The High Violets: Bridging the Gap Between Shoegaze and Dream Pop

Although they may not quite be a household name, Portland, Oregon’s The High Violets have been kicking out wonderfully lush and fuzzy dream pop and shoegaze jams since the...

Although they may not quite be a household name, Portland, Oregon’s The High Violets have been kicking out wonderfully lush and fuzzy dream pop and shoegaze jams since the late ‘90s, and this Friday, April 1st, will see the release of their fifth full-length, Heroes and Halos, courtesy of Saint Marie Records.  The album would seem to be their most accomplished yet and in a recent chat with The High Violets’ mainpeople/songwriters Clint Sargent and Kaitlyn ni Donovan the two tell me that the album is essentially the culmination of both all the processes and sounds they’ve worked with over the years.

Izzy Cihak: I’m just realizing that you’ve been together for almost 20 years now, which is sort of insane:  What have been some of the biggest highlights of the band over the past two decades, whether it be experiences, reactions to your work, or anything else that really stood out to you?

Clint Sargent: There have definitely been some good highlights, but I would say the overall reaction to our work has been the most satisfying. With fans continuously reaching out and letting us know they appreciate what we do. That, as much as anything, keeps you going.

Izzy: What do you think is the biggest difference between the mindset of the band now, compared to when you first got together?

Clint: In the beginning we viewed the band as a solid collective. We had regular rehearsal nights in Luke’s basement and considered everyone involved with the song writing. As time went on and people came and went and came back it became clear that Kaitlyn and I were composing the majority of the music. And this was certainly the case on Heroes. So this is our mindset currently.

Izzy: How is Portland’s music and arts scene at the moment?  There always seems to be tons of really cool and really diverse things going on there.

Clint: In years past it has been the case for sure, but honestly at the moment I wonder myself. We barely got this album done before I could no longer afford my rent. The last few years have seen so much change with people moving there and the cost of living going up. Many artists have moved out to the suburbs or are crowding into houses. Anyway, it’s a good question. The scene will always live on in some capacity.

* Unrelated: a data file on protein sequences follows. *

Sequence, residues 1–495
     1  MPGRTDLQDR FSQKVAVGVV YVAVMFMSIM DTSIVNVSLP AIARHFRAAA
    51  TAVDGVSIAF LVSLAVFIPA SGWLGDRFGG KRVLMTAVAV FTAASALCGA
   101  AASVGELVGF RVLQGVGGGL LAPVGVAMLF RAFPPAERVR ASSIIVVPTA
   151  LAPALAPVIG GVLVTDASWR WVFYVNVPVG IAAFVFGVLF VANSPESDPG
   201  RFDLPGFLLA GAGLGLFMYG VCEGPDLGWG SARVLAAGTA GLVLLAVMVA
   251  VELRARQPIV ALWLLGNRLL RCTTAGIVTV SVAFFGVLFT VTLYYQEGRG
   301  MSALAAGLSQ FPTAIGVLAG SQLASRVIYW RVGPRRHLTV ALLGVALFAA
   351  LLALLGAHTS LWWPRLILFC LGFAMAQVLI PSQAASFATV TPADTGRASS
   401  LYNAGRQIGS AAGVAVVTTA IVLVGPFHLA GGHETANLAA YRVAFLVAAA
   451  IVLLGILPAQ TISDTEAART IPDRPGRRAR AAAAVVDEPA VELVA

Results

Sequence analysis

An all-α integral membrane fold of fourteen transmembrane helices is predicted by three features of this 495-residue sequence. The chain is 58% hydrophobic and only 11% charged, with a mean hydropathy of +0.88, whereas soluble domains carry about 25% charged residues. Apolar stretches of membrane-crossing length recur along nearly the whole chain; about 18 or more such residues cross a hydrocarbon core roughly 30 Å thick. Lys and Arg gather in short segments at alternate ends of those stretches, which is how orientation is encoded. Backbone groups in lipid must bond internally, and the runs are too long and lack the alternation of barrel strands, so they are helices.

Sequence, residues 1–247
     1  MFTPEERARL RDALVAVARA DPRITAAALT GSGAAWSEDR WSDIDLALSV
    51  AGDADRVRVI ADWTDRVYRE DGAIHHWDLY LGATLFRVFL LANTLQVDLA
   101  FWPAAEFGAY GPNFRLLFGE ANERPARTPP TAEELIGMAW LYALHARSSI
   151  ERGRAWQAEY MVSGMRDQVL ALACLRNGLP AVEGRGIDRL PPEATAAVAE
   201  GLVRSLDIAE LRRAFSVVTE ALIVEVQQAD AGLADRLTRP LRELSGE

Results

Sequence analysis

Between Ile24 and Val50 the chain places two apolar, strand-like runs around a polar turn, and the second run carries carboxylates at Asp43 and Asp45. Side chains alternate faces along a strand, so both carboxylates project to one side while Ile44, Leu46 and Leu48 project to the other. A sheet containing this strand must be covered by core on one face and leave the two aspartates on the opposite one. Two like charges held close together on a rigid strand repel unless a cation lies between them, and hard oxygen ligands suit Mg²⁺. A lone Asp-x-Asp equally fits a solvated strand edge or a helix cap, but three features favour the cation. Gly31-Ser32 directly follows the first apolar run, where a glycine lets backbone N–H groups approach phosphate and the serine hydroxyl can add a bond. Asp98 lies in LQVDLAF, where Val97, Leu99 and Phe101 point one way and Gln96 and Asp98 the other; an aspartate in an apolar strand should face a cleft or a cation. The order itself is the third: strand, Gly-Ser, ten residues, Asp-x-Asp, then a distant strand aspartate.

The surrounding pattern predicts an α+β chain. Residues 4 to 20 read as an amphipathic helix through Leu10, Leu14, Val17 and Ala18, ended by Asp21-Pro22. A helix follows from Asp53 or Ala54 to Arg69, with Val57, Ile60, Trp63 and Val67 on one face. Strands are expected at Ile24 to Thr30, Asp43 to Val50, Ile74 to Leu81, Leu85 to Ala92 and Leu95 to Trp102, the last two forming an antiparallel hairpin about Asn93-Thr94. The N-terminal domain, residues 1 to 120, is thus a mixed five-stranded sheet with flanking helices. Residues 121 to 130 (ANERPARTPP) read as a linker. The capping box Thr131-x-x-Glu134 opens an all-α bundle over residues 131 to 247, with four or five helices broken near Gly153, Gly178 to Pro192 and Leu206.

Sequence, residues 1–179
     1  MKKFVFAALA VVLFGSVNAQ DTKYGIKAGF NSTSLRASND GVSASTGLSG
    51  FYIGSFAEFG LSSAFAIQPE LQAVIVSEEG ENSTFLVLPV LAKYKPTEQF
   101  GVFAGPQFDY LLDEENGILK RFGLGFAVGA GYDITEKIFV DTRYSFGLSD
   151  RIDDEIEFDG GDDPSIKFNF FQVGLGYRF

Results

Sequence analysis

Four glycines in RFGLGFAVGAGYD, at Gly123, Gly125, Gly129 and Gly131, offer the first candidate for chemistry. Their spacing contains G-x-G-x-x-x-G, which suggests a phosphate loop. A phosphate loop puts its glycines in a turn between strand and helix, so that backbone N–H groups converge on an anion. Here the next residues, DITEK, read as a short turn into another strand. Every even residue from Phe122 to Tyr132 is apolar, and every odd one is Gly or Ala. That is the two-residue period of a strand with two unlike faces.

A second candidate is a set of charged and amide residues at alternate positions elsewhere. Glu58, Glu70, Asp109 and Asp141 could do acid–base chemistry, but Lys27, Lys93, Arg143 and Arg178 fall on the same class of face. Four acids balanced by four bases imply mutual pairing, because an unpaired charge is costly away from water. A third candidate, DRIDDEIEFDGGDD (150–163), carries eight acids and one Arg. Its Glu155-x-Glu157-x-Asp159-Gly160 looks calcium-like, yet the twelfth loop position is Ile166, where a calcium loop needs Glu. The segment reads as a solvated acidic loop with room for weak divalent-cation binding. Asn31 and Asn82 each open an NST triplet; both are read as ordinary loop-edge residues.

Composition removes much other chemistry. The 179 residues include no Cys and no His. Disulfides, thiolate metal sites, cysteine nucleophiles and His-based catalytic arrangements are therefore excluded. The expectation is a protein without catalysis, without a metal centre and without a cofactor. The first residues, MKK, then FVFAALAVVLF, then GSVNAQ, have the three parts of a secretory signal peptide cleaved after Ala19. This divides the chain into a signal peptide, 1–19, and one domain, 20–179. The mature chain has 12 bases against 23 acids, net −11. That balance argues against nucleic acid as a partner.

Izzy: You’re about to release Heroes and Halos.  How do you feel it compares to previous releases?

Kaitlyn ni Donovan: I feel Heroes echoes the maturing between our beginnings in traditional shoegaze and our last release, Cínema. Cinema leaned more into straight dream pop. Heroes… seems to bridge the two. If you listen to the first side of the LP, you may noticed a distinctly dream pop feel, while the second side lends a darker tone with our shoegaze background.

Izzy: What would you consider to be the album’s most significant influences, both musical and otherwise?

Kaitlyn: I try my best not to be influenced by other’s music when I write, but rather images that arise as if in a dream, fictional story, or film whilst, forming the first melodic foundations of a song. To me it keeps the music pure and not overly influenced by trends or other’s muses.

Izzy: I especially dig “Longitude,” which just reminds me of so much of the mid-90s’ best alt rock, so I’m curious how that particular track came about.

Kaitlyn: “Longitude” came into fruition at a lightning pace, though I was disabled with a back injury and unable to play any instruments. Consequently, for the first time in my musical career, while laid up on a couch, I turned to composing with a drum machine and sang the vocal melody in one pass that you hear on the album. It all very happily stuck. The lyrics came later, (not so quickly) which are from the perspective of a bee, but also reflect the feelings of one in a manic phase of bipolar disorder. In the final fleshing out we included analogue drums, synthesizers, and Clint’s gorgeous guitar.

Izzy: Finally, what are you planning and hoping for in 2016?  Any chance we might get to see you on the road in the near future?

Clint: We’ve put the album out and we’ll see what comes down the pike? What might be? It’s been so long since we played live. No plans at this time. Perhaps at some point we can dust off the hiatus?

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During the day Izzy Cihak teaches transgression, subversion, and revolution at Temple University. At night he haunts Philthy's best venues to cover worthwhile acts for Philthy Mag. Morrissey is everything to him and, in their own heads, all of his friends see themselves as Zooey Deschanel.